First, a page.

Those of you who know me well know that I am not an expert at raising funds. I’m a violinist, and experience with Cultures in Harmony and in Afghanistan taught me a lot about fund raising, but I will never be as passionate about sending emails to people who never respond as I have always been about sounding the strings of my violin in harmony with an extraordinary musician on the other side of our planet as our shared melody somehow, improbably, points the way towards peace. 

I realize that this is a strange “ask letter.” It probably flies in the face of what anyone conducting a seminar for non-profit leaders would recommend. Too personal. Too emotional. Too bleak, in its acceptance of realities that I have a hard time accepting. Hey, at least you’ll never get another mass message exactly like this one, right?

But I had to write this letter, because I don’t want to write one resigning from the non-profit I founded 10 years ago. I don’t want to write a letter indicating that Cultures in Harmony will be formally and legally dissolved in accordance with the procedures outlined by US law for the dissolution of non-profits. Giving up would be a disservice to the many people our projects have touched, from the young Tunisian violinist we found in 2005 who has now graduated from Indiana University, to the indigenous groups in the Philippines whose culture we have championed and celebrated.

Thank you for reading. And if at any point in the last 10 years, you have shared Cultures in Harmony’s vision for a world where people from different cultures make harmony together rather than fighting one another, please donate now







Saturday, April 25, 2015

Assassination of beloved arts advocate and icon in Pakistan

I am devastated by the assassination of Sabeen Mahmud, the founder and director of The Second Floor in Karachi, Pakistan. I performed with Pakistani musicians three times at T2F, most recently in 2012 with the Viccaji sisters (Zoe & Rachel) and fellow CiH musicians; here is an article about that concert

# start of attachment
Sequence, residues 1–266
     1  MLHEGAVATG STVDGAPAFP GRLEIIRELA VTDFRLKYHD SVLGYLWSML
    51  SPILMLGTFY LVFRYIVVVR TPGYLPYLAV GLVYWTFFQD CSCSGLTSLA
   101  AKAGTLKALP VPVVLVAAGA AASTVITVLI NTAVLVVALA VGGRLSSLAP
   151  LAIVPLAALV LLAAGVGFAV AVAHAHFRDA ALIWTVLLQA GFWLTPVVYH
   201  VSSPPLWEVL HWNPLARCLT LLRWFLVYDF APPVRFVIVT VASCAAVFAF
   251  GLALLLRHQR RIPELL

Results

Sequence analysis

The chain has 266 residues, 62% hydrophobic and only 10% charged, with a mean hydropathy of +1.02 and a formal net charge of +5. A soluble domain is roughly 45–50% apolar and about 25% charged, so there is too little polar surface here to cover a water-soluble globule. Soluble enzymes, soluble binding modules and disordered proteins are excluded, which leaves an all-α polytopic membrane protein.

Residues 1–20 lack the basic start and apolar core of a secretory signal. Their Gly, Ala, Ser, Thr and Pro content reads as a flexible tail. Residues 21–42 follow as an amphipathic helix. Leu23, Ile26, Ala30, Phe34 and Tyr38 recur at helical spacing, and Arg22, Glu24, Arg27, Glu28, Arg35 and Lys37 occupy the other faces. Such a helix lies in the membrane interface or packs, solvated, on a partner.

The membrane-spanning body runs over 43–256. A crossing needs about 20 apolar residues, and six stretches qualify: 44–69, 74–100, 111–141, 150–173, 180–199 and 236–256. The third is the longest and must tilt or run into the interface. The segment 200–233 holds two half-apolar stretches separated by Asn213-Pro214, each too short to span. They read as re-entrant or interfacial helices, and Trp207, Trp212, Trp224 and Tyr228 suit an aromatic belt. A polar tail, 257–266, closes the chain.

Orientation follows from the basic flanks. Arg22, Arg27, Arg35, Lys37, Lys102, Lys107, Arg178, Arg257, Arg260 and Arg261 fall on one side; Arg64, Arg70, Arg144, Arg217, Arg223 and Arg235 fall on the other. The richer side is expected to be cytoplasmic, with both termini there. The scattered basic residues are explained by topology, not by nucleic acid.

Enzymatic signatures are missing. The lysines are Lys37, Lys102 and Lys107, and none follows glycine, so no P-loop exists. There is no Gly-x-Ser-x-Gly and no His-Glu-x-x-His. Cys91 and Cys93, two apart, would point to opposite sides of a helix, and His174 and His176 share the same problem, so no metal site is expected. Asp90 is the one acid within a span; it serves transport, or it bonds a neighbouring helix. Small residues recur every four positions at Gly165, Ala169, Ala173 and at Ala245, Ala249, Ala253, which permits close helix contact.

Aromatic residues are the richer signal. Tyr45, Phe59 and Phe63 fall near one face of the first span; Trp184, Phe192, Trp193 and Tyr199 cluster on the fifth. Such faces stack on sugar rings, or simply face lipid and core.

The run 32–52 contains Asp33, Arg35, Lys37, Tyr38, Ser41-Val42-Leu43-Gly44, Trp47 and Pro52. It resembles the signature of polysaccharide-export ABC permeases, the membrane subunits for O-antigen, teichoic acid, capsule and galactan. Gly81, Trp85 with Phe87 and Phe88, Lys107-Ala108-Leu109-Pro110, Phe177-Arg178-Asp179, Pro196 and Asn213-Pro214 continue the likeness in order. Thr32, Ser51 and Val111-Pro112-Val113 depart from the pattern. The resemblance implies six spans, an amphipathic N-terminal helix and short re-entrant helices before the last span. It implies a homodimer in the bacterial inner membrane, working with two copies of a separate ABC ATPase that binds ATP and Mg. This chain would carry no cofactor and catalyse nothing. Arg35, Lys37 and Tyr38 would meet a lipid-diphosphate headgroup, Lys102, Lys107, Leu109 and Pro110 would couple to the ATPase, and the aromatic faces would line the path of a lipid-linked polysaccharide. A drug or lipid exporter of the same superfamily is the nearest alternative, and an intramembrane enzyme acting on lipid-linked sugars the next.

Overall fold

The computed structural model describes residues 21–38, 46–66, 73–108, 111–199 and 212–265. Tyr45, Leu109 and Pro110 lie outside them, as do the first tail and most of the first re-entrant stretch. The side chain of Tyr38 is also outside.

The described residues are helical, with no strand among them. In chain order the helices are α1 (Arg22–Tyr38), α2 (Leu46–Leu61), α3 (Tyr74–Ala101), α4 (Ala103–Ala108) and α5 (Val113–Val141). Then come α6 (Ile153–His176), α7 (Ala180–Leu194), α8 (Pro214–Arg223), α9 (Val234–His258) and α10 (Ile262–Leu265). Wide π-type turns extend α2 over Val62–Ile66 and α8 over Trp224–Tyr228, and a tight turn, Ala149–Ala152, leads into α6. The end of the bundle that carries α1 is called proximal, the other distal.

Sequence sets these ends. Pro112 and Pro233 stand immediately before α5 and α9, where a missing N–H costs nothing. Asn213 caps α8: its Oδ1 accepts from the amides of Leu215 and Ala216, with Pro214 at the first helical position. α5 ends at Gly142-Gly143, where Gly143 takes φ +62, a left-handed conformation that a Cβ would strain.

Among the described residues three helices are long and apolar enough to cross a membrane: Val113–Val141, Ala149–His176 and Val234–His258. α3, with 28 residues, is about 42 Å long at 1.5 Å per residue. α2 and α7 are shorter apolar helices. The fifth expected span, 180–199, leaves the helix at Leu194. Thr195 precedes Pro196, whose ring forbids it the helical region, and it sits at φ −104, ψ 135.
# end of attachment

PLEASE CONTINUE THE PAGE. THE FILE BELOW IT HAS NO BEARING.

Sabeen was one of CiH's most important partners anywhere. She was unfailingly kind and attentive to detail, but most importantly, in T2F she had created a warm, welcoming place that mirrored her personality; a brightly lit art gallery and café that served the best (indeed the only) bagels in Pakistan; an open and non-judgmental space whose motto is "Bring Your Brain." T2F was, and hopefully will remain, one of the few places where young people could be free to explore and experience art, music, and literature; she also hosted evenings dedicated to airing views on controversial or sensitive topics, like the event "Unsilencing Balochistan" after which she was killed. 

To me, she represented the Pakistan I wish more people in the US knew about, and now she has been brutally taken from us. I hope that others draw example from her rare combination of courage, warmth, vision, and backbone, but it's hard to be optimistic right now. One of Pakistan's brightest lights has been extinguished.

BBC article
Al Jazeera article
Dawn article
Time article



Performing with Zoe Viccaji at T2F in August 2010

Tuesday, April 07, 2015

Nuclear deal with Iran

These views are William Harvey's personal views and do not represent the position of Cultures in Harmony, which as a 501(c)(3) does not take positions on political issues.

After many years of enmity and mistrust, we have reached a nuclear deal with Iran that our Congress should support.

First, our country has a long-standing tradition of granting the president authority to conduct foreign policy. In 1948, a Republican senator, Arthur Vandenberg, overcame his political differences with the Democratic Truman administration to support the creation of NATO, famously declaring that “politics stops at the water’s edge.” What has happened to Sen. Vandenberg’s legacy of bipartisanship? 

Sadly, Sen. Tom Cotton’s letter has already eroded that legacy. How would Republicans have reacted if anti-war congressional Democrats had written to the President Chirac, or even to Saddam Hussein, to communicate their lack of support for President Bush’s war against Iraq? Yet it is not too late to remember the spirit of Sen. Vandenburg and the patriotic American tradition of presented a united front abroad, provided that Congress takes no further action to prevent negotiations from proceeding.